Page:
g_n (n >= 0), of continuous real-valued functions on
[0, 1] defined by:

g_n(t) = nt if 0 <= t <= 1/n else 1

Then for any 0 <= t <= 1, g_n(t) -> 0 as n -> infinity.
But the convergence isn't uniform: max_t(g_n(t)-0) = 1
for all n.

Maybe James is thinking of the standard theorem
that says that if a sequence of continuous functions
on an interval converges uniformly then its limit
is continuous?

Mark
 
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Mark Dickinson
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      06-17-2009
On Jun 17, 12:52*pm, Mark Dickinson <(E-Mail Removed)> wrote:
> g_n(t) = nt if 0 <= t <= 1/n else 1


Whoops. Wrong definition. That should be:

g_n(t) = nt if 0 <= t <= 1/n else
n(2/n-t) if 1/n <= t <= 2/n else 0

Then my claim that g_n(t) -> 0 for all t might
actually make sense...
 
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Jaime Fernandez del Rio
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      06-17-2009
On Wed, Jun 17, 2009 at 1:52 PM, Mark Dickinson<(E-Mail Removed)> wrote:
> Maybe James is thinking of the standard theorem
> that says that if a sequence of continuous functions
> on an interval converges uniformly then its limit
> is continuous?


Jaime was simply plain wrong... The example that always comes to mind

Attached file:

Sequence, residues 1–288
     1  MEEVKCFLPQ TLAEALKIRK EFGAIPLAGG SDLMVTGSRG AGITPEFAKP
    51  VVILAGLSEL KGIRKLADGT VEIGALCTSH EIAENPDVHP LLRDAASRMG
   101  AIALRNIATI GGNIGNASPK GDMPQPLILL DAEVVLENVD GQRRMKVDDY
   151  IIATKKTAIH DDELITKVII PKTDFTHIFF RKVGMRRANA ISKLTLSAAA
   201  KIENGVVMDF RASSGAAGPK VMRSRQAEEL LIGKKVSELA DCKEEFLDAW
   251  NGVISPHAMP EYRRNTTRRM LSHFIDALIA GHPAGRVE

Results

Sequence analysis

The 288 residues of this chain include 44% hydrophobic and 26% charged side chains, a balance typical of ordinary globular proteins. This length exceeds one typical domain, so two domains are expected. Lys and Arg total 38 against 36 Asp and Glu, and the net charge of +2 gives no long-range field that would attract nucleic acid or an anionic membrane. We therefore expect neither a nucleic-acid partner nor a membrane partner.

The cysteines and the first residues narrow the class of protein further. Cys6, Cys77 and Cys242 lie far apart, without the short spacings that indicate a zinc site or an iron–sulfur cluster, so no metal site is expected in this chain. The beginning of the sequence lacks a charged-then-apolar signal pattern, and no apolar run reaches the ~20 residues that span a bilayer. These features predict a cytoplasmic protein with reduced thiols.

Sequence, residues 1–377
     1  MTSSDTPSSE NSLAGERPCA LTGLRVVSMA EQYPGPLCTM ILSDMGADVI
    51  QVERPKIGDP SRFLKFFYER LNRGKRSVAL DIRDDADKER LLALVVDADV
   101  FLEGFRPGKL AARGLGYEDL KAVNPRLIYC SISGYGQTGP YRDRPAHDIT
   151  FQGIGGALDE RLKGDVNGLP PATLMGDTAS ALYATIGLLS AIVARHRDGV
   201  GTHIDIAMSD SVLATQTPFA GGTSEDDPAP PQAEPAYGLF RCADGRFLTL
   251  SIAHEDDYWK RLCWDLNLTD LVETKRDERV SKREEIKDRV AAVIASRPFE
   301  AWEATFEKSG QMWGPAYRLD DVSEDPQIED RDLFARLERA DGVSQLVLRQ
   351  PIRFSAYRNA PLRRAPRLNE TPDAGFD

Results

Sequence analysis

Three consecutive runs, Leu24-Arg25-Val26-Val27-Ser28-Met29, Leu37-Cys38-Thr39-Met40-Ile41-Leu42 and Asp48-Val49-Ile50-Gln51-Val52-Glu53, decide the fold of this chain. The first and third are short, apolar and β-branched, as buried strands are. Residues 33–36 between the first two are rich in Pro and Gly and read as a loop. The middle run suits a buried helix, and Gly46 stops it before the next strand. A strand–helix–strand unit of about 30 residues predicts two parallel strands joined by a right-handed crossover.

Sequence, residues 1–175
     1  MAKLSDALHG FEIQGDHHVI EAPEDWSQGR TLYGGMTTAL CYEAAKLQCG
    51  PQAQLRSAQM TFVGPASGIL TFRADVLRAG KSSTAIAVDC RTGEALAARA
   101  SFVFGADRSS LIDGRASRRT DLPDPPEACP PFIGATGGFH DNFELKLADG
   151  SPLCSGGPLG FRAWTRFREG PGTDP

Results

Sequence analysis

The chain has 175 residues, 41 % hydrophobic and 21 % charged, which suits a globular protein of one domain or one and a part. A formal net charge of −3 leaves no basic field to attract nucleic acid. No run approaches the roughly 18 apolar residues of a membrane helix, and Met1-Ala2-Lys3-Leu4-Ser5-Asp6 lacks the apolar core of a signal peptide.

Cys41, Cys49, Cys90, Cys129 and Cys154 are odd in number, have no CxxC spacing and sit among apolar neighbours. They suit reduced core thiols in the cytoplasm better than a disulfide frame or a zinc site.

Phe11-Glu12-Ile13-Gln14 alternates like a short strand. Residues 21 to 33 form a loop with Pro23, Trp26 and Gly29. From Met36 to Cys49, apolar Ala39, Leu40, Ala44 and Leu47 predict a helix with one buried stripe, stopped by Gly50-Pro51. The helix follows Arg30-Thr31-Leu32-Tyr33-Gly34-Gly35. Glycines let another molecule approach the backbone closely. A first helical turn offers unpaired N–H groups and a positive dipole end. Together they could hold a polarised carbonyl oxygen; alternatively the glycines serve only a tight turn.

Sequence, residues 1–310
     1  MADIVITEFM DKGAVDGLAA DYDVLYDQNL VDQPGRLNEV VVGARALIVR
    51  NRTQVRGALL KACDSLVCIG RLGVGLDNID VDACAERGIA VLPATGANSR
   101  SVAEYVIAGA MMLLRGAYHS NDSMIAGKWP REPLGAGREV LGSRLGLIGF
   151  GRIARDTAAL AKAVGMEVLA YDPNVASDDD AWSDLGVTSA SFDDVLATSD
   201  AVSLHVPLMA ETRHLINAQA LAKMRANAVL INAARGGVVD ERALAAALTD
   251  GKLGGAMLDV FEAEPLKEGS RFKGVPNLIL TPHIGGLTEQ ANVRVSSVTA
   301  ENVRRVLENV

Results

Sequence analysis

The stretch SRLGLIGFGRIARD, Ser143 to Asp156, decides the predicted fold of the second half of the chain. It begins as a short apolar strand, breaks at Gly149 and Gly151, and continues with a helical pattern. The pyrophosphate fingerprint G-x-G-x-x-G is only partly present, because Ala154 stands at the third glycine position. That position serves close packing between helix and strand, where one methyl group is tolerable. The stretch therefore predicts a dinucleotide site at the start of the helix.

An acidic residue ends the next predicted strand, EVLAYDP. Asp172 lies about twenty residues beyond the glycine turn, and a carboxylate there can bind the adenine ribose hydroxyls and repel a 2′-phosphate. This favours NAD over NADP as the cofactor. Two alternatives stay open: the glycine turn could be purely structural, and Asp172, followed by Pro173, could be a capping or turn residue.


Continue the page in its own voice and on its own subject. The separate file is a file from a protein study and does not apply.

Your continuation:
when figuring out uniform convergence (or lack of it), is the step
function , i.e. f(x)= 0 if x in [0,1), x(x)=1 if x >= 1, being
approximated by the sequence f_n(x) = x**n if x in [0,1), f_n(x) = 1
if x>=1, where uniform convergence is broken mostly due to the
limiting function not being continuous.

I simply was too quick with my extrapolations, and have realized I
have a looooot of work to do for my "real and functional analysis"
exam coming in three weeks...

Jaime

P.S. The snowflake curve, on the other hand, is uniformly continuous, right?

--
(\__/)
( O.o)
( > <) Este es Conejo. Copia a Conejo en tu firma y aydale en sus
planes de dominacin mundial.
 
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Mark Dickinson
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      06-17-2009
On Jun 17, 1:26*pm, Jaime Fernandez del Rio <(E-Mail Removed)>
wrote:
> On Wed, Jun 17, 2009 at 1:52 PM, Mark Dickinson<(E-Mail Removed)> wrote:
> > Maybe James is thinking of the standard theorem
> > that says that if a sequence of continuous functions
> > on an interval converges uniformly then its limit
> > is continuous?


s/James/Jaime. Apologies.

> P.S. The snowflake curve, on the other hand, is uniformly continuous, right?